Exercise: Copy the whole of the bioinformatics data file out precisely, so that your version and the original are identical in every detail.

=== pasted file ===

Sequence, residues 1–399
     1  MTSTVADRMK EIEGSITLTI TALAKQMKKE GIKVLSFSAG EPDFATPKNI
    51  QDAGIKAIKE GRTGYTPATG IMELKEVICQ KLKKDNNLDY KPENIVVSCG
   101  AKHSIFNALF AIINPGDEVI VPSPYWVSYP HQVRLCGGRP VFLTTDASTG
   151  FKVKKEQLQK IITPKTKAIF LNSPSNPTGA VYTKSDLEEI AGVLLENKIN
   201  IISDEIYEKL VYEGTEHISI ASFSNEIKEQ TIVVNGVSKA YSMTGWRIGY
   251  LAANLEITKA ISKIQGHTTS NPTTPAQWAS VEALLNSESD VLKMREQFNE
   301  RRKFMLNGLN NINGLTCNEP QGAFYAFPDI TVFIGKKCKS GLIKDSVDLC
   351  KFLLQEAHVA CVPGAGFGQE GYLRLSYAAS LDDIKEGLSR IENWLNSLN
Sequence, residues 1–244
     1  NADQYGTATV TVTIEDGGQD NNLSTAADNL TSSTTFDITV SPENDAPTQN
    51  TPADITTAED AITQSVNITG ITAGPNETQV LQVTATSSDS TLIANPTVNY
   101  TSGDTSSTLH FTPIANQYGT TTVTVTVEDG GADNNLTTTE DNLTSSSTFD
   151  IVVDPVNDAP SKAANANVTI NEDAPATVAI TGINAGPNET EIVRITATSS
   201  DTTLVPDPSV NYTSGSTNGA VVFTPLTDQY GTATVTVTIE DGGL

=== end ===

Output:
Sequence, residues 1–399
     1  MTSTVADRMK EIEGSITLTI TALAKQMKKE GIKVLSFSAG EPDFATPKNI
    51  QDAGIKAIKE GRTGYTPATG IMELKEVICQ KLKKDNNLDY KPENIVVSCG
   101  AKHSIFNALF AIINPGDEVI VPSPYWVSYP HQVRLCGGRP VFLTTDASTG
   151  FKVKKEQLQK IITPKTKAIF LNSPSNPTGA VYTKSDLEEI AGVLLENKIN
   201  IISDEIYEKL VYEGTEHISI ASFSNEIKEQ TIVVNGVSKA YSMTGWRIGY
   251  LAANLEITKA ISKIQGHTTS NPTTPAQWAS VEALLNSESD VLKMREQFNE
   301  RRKFMLNGLN NINGLTCNEP QGAFYAFPDI TVFIGKKCKS GLIKDSVDLC
   351  KFLLQEAHVA CVPGAGFGQE GYLRLSYAAS LDDIKEGLSR IENWLNSLN
Sequence, residues 1–244
     1  NADQYGTATV TVTIEDGGQD NNLSTAADNL TSSTTFDITV SPENDAPTQN
    51  TPADITTAED AITQSVNITG ITAGPNETQV LQVTATSSDS TLIANPTVNY
   101  TSGDTSSTLH FTPIANQYGT TTVTVTVEDG GADNNLTTTE DNLTSSSTFD
   151  IVVDPVNDAP SKAANANVTI NEDAPATVAI TGINAGPNET EIVRITATSS
   201  DTTLVPDPSV NYTSGSTNGA VVFTPLTDQY GTATVTVTIE DGGL